When you take a sample out of the population it’s easy to measure the statistical data for that sample. Now, if a different sample was taken then the statistical data will most likely be different then the first one. This is because of sampling variation that can always happen when you take a sample. These values for all of the possible samples is called the Sample Distribution.
To show this we will take a coin and flip it. The theoretical probability of flipping a coin and getting heads is 50%. To check this, take a sample of 100 coin flips, 100 times. Now, instead of flipping a coin 100 times, recording the results of each flip, and then repeating this 100 times a computer program was used to simulate this. The sample distribution of this experiment is shown below.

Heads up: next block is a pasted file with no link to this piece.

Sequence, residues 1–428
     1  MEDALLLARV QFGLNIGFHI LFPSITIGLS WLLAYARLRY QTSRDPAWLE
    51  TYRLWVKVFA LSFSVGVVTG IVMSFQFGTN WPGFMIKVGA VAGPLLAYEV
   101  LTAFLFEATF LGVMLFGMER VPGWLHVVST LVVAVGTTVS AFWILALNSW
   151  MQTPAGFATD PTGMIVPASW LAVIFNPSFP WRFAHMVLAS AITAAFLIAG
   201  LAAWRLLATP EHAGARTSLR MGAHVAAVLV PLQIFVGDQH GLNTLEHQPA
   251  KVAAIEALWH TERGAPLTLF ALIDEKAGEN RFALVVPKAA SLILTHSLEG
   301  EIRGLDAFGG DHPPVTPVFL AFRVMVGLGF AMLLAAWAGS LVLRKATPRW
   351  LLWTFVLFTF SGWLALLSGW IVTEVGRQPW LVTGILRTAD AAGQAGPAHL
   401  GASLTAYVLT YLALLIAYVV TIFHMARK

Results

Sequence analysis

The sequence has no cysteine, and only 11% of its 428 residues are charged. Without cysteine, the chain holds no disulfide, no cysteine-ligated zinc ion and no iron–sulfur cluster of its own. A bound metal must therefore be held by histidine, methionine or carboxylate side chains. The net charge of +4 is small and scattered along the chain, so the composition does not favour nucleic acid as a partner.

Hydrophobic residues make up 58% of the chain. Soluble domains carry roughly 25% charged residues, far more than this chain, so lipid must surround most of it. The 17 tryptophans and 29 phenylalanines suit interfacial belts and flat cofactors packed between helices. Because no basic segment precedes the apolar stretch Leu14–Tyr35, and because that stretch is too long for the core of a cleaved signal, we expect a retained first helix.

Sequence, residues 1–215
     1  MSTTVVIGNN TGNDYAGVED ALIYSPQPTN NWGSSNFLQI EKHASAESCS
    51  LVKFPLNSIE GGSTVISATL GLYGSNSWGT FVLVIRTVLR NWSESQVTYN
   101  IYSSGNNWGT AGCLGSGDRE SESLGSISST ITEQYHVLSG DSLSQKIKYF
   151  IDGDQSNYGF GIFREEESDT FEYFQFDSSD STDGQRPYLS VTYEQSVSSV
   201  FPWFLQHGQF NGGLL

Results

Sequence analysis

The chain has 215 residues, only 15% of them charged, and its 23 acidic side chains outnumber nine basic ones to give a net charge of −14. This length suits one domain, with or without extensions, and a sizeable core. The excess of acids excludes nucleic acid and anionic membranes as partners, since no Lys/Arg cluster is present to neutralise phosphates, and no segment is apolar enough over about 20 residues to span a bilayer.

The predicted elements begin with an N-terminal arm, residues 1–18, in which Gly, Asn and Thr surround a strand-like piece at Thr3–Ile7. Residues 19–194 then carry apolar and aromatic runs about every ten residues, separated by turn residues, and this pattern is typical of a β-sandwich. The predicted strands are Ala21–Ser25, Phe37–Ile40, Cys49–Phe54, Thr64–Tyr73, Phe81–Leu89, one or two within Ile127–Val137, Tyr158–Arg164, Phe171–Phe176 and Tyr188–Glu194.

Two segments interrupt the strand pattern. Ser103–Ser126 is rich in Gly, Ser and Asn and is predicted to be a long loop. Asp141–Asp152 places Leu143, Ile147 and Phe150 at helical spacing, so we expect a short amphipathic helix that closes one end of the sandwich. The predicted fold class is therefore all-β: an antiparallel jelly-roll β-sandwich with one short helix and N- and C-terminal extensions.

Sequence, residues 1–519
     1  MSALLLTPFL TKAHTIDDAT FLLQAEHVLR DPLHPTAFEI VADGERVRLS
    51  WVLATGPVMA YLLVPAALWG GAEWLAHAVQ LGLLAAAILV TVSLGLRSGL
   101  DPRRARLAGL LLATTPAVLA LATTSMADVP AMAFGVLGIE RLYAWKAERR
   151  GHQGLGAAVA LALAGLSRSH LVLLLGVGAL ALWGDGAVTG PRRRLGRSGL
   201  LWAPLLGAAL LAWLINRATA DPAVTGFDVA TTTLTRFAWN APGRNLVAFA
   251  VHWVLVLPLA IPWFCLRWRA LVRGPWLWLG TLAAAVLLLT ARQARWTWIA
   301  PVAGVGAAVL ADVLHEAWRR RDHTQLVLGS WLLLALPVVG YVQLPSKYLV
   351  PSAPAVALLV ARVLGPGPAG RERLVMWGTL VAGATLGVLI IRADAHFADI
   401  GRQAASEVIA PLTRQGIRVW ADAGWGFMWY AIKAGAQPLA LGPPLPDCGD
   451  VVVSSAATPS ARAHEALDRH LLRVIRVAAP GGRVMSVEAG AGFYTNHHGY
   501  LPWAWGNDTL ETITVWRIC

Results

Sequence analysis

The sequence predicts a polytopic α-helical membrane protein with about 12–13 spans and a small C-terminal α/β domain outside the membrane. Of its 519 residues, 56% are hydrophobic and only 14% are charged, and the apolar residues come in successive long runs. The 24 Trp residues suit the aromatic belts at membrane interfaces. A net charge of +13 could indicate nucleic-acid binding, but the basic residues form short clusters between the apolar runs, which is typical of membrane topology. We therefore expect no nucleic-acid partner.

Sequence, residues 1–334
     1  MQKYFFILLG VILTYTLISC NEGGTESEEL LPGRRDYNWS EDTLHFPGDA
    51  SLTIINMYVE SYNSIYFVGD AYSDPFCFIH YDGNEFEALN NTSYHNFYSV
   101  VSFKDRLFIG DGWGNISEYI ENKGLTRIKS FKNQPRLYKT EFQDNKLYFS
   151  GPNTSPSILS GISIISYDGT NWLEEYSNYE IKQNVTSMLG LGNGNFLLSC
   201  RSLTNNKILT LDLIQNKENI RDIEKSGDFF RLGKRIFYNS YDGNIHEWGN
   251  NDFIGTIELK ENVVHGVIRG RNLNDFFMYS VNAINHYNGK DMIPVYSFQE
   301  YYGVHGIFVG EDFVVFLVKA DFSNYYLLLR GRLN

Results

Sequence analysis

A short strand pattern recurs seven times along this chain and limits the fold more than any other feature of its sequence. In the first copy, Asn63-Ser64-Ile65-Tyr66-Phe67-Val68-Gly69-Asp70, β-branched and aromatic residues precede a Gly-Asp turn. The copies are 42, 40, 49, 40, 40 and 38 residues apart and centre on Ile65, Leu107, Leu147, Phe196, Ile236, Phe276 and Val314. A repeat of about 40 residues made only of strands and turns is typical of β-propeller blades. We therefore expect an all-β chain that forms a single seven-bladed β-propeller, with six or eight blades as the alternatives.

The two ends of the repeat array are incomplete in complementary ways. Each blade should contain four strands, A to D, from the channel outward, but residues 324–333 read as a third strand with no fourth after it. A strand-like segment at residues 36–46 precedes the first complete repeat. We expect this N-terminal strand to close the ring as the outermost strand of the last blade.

The above table shows a relatively symmetrical distribution, and heads were flipped 51 times in twelve different samples. There appears to be an outlier with heads being flipped 31 times in a single sample. This graph does approximate what we expected from a theoretical perspective because 51% is close to 50%.
100 samples are far less than the total number of possible combinations from flipping a coin 100 times. The total number of possible combinations, which is approximately 1,267,650,000,000,000,000,000,000,000,000. However, in this case, this sample distribution is large enough to estimate the distribution of the entire population. Below is the sample distribution for 200 flips.
Comparing the two distributions are showing similar distributions. The only differences are that several of the lines are longer, and several of the empty spots are now showing results. Thus justifying our assumption that we have enough points of data to estimate the population distribution.